Dr Fletcher said the cry among the working people was that there was nowhere to go. Working people came to him with the cry, "We are driven out of Highgate and are obliged to go to Highgate New Town."
If the Muswell Hill Road frontage was sold there was no question but that roads might be cut right through the woods in the direction of Hornsey, but if the Commissioners could not get the land from the Charity Commission they could not cut the road.
He was very sure the cottages could be put into a fit state of repair. He was asked by the poor people, by the police and by a number of the working classes to represent these two points, that cottage accommodation was very sorely needed in Highgate and that if they once allowed the land to be sold, there was no telling where the hand of the builder would be stayed.
(Loud and prolonged cheers).
Numerous other people spoke and the Commissioner summed up by saying that he took it that the prevailing opinion was in favour of retaining the cottages but the meeting should draw no conclusions from what he had said (Groans).
Others said that the Trustees of the Charity had failed in their duties by letting the the cottages fall into disrepair
Mr H.R.Williams, the Trustee who had written to the paper earlier, said that he had it on the best authority that the Church Commissioners would make no roads whatever and they would not be benefitted one iota by the actions of the Charity Commissioners. Others were far less trusting and the meeting closed after nearly three hours.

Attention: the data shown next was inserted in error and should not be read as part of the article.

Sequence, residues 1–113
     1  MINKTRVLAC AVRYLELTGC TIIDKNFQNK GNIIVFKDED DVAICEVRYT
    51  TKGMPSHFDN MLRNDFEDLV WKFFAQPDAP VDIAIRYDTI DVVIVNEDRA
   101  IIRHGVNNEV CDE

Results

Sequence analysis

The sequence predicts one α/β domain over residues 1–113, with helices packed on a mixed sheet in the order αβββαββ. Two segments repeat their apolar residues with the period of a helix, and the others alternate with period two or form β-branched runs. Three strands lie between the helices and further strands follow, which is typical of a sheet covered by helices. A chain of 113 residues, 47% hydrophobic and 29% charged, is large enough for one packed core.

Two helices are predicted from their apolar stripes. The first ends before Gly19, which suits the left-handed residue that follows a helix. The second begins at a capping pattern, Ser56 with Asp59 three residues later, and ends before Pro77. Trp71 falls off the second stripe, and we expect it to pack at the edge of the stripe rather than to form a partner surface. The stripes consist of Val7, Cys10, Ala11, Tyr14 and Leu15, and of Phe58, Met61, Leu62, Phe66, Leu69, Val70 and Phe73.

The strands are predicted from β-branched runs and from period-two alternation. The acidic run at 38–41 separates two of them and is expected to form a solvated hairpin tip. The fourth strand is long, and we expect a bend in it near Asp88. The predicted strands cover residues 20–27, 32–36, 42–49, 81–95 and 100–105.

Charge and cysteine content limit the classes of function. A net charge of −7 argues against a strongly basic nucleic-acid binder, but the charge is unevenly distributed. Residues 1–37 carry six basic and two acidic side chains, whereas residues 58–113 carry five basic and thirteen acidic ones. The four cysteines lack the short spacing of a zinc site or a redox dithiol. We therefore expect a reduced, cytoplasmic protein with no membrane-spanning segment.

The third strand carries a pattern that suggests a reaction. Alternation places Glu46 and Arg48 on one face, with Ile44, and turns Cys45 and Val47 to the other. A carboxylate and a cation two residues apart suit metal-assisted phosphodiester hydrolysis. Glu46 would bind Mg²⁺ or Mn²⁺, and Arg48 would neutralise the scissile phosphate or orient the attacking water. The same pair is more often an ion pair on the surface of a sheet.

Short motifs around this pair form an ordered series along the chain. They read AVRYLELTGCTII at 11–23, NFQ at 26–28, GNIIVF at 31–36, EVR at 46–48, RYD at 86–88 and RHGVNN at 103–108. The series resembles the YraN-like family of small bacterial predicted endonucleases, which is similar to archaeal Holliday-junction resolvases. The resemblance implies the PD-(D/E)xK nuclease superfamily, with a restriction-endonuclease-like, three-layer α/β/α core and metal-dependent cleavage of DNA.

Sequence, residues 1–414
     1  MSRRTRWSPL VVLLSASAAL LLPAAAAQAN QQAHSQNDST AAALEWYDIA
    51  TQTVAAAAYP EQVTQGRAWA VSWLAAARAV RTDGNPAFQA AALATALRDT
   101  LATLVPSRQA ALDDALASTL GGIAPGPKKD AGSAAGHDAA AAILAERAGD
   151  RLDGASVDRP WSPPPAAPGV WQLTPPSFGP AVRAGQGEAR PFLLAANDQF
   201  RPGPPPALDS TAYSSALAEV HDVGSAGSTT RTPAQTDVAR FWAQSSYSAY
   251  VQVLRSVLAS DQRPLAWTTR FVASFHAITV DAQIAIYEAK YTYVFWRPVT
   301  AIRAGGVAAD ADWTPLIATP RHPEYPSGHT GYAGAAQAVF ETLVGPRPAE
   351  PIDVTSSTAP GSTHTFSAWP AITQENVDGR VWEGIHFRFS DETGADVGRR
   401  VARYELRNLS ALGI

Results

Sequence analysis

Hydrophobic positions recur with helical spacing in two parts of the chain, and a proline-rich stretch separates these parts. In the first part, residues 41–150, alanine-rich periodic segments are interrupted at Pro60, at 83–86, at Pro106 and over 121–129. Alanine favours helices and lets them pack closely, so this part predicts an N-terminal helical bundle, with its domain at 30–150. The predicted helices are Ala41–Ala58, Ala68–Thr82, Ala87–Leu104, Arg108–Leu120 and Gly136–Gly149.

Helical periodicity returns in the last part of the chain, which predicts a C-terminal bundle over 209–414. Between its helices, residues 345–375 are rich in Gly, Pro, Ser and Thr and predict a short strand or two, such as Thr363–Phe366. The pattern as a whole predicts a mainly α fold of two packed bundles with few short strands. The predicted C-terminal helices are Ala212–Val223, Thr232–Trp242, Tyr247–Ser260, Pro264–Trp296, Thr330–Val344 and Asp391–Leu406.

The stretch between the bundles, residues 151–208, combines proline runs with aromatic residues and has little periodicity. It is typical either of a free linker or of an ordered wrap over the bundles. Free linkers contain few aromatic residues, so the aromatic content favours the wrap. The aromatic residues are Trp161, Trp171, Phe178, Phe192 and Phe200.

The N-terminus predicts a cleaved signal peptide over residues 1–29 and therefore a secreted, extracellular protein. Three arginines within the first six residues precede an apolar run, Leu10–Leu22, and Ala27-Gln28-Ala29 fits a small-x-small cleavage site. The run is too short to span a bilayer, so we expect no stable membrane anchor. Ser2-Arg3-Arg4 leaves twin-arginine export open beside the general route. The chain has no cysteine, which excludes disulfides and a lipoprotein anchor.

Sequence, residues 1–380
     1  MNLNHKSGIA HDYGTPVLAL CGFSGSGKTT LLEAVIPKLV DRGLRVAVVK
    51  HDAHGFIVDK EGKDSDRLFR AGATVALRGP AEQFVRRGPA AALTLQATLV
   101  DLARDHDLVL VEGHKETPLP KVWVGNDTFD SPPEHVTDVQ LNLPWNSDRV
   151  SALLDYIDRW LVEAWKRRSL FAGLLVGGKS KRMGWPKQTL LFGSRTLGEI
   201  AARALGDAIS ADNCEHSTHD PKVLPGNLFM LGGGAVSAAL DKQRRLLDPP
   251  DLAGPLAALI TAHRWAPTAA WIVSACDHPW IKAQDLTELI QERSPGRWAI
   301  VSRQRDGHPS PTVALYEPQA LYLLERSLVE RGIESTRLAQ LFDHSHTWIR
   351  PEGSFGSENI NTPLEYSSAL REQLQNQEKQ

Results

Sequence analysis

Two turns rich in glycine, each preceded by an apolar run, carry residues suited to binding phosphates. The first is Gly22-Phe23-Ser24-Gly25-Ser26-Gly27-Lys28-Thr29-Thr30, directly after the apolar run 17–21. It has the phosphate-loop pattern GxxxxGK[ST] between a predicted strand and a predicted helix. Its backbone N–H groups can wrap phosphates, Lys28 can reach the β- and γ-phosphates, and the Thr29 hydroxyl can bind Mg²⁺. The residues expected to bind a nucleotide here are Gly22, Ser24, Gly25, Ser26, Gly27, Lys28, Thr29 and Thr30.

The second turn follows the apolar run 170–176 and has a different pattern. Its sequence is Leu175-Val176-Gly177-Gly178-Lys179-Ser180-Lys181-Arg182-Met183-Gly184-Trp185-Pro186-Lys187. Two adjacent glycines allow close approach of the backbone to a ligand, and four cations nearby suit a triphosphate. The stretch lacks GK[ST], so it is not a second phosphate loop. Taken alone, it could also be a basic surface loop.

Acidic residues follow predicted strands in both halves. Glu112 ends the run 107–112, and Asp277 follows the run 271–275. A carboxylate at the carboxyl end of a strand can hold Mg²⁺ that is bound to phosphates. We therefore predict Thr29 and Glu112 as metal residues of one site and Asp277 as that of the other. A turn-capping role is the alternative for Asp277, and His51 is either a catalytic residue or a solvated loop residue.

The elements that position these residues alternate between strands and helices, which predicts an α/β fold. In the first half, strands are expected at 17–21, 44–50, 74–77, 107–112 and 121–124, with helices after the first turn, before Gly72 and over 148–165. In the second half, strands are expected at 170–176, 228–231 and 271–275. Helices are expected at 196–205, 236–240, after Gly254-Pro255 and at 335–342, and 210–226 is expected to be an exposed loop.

Drawn from Hornsey & Finsbury Park Journal & North Islington
Standard report, 15 June 1895).
Another article from an unknown and undated paper says:
|'We are faced with the fact that in Highgate and Muswell Hill there are
a number of persons who want the Churchyard Bottom Wood and will not be
happy until they have got it - while nobody appears willing to spend a
farthing to pay for it. Everyone says it would be a fine thing to have
the wood as open space, but everybody thinks it is the duty of someone
else to make it one. The Islington Vestry has 'resolved' on the subject,
but the Islington Vestry does not offer a penny piece towards the purchase.
--- There is no more difficult problem for the community or the individual
to solve than how to gain possession of other people's property without
paying for it.'
TIME IS SHORT
Paying for it was indeed the problem as Churchyard Bottom Wood became the subject of intense local and national debate. A joint committee was formed to raise money to save the wood. On 20 November 1896, C.F.Cory-Wright, Hon Treasurer, wrote to The Standard, a daily paper at that time, appealing for help.
He reminded everyone of the danger of losing the wood and said it could only be saved by buying it. The Church Commissioners would sell for £25,000 and an extra £5,000 would be required for fencing and drainage, making a total of £30,000. This was too much for Hornsey Council to raise but they had already voted £10,000 towards the total. The woods were of inestimable value to all of North London so he appealed to public bodies and private people to raise the remaining £20,000. He warned that the present offer from the Church Commissioners was open only to the end of 1898. After that the builders would move in.
Church of England Record Office